As the economy recovers, cities are experiencing a boom in the number of “green job” vacancies. At this time last year, SimplyHired.com, a job aggregating website, found that there were nearly 83,000 green job vacancies, compared to just 45,000 one year prior.
There are likely two reasons for the proliferation of green jobs: First, there are now more companies, especially startups, with a focus on environmental responsibility. Second, how people define green jobs has expanded to encompass more jobs. At ICIC, we define green jobs as “those that result in one or more of the following benefits—greater use of clean energy; energy savings; greater resource efficiency; less pollution; or the restoration of natural systems that support life. These benefits may result from a green product or service. They may also result from the improvements in the production process for ‘conventional’ goods and services.”
In order to tap into the potential of green jobs, Hartford, CT – whose unemployment rate remains a staggering 12.4% – is utilizing its local “Jobs Funnel” to train its most underserved residents.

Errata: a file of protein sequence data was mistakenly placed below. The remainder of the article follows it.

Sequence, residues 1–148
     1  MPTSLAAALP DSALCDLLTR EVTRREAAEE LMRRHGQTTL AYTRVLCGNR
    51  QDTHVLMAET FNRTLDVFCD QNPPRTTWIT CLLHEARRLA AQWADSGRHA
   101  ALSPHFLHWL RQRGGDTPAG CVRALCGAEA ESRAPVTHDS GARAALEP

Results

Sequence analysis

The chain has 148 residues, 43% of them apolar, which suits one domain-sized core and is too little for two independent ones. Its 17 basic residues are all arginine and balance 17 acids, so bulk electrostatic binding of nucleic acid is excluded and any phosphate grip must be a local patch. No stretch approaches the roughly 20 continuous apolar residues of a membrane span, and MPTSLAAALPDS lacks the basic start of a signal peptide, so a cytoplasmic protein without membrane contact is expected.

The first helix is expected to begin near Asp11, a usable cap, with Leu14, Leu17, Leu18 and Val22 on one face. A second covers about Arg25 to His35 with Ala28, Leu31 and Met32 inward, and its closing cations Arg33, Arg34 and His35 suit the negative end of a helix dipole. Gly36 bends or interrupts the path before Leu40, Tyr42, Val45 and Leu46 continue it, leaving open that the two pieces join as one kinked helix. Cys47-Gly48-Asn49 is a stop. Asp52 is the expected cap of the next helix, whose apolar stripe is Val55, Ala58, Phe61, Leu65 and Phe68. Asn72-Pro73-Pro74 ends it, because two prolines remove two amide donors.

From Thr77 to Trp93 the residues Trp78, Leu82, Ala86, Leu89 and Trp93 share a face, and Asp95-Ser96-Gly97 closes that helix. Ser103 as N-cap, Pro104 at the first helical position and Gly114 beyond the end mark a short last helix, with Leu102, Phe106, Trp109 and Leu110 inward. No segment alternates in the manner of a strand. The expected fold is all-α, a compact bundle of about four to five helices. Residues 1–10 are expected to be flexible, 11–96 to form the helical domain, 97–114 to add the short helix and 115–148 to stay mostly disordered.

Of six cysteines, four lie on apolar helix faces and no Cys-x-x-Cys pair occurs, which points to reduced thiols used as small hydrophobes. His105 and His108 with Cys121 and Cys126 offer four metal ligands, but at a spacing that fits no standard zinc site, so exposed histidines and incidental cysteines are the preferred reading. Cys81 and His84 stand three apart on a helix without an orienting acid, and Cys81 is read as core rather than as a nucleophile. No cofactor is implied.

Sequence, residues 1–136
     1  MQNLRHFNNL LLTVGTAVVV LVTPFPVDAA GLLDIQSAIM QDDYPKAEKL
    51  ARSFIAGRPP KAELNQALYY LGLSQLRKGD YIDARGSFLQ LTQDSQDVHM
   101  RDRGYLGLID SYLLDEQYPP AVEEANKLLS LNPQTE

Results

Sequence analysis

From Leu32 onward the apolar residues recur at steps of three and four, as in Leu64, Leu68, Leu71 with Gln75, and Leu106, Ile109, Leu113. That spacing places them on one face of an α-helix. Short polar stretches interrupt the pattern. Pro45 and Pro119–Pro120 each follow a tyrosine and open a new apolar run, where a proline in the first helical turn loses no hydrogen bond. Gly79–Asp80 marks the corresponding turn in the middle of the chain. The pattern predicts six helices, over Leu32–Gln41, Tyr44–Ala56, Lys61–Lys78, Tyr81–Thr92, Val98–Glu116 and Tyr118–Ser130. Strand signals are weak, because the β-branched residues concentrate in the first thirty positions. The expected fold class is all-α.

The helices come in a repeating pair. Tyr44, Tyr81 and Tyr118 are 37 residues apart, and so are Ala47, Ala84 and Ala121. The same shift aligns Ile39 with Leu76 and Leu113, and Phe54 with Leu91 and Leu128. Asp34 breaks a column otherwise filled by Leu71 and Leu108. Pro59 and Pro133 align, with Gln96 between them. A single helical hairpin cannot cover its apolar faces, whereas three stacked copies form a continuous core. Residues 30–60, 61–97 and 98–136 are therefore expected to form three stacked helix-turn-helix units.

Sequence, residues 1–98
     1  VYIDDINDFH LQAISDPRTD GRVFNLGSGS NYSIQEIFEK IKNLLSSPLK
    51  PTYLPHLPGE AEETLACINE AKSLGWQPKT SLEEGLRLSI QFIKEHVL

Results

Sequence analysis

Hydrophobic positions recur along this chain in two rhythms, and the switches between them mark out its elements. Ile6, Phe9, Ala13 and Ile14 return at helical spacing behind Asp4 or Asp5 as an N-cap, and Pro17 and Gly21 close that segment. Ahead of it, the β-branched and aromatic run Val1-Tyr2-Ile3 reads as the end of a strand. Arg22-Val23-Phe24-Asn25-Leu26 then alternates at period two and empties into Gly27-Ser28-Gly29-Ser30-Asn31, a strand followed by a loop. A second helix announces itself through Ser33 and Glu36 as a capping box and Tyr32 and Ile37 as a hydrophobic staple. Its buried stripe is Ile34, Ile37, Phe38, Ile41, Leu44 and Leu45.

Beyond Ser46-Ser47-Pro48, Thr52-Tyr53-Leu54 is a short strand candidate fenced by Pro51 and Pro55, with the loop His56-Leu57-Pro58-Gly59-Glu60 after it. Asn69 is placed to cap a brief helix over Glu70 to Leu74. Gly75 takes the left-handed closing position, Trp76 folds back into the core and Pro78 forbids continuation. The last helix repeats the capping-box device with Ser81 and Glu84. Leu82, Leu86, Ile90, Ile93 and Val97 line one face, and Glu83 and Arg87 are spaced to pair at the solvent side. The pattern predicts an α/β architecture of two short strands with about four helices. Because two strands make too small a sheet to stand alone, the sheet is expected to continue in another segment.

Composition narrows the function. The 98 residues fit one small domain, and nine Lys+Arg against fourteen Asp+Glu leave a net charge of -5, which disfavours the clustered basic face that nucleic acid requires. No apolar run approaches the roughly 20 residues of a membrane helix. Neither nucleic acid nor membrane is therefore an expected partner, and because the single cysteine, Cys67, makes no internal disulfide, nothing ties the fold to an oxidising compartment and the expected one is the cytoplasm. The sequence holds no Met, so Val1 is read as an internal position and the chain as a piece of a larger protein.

The State of Connecticut anticipates green construction investments to total more than $1 billion annually, with nearly 20,000 new construction vacancies over the next decade. The Connecticut Department of Labor projects a 33% increase in the demand for trained workers. The Jobs Funnel will provide the training for these workers.
The Jobs Funnel began in 1999 and has since placed more than 2,600 un- or under-employed residents into apprenticeships and full-time employment. Given the success of the program, in which participants begin with an average starting wage of $14.70 per hour, it has been deemed a model adaptable for green jobs. Specifically, green construction jobs such as brownfield remediation, energy retrofits, energy management and weatherization.
Supported through a $5.8 million federal green jobs grant, the Jobs Funnel will train its inner city residents for in-demand certifications such as U.S. Green Building Council Green Tradesmen Certification, Photovoltaic Systems Certification, Board Energy Audit Technician Certification and the HVAC Testing and Balancing Certification. Ultimately, residents will be funneled into positions like solar panel installers and energy retrofitters, while also learning skills in carpentry, electrical, plumbing and ironworking.
ICIC research indicates that equipping residents with these skills can be a boon to inner cities. During research for the “Flint Clean Economy Project,” we found that green jobs are growing faster in inner cities compared to other industries. Within inner cities, green jobs experienced growth in the range of 6% to 12% from 1997 to 2008, whereas inner city job growth was only 1.3% during this time for all industries combined.
Cities that can pair a cohesive green jobs strategy to existing training platforms like the Hartford Jobs Funnel are, no doubt, most likely to reap the rewards of the growth in the green construction industry—and the benefits of having a greener, healthier economy.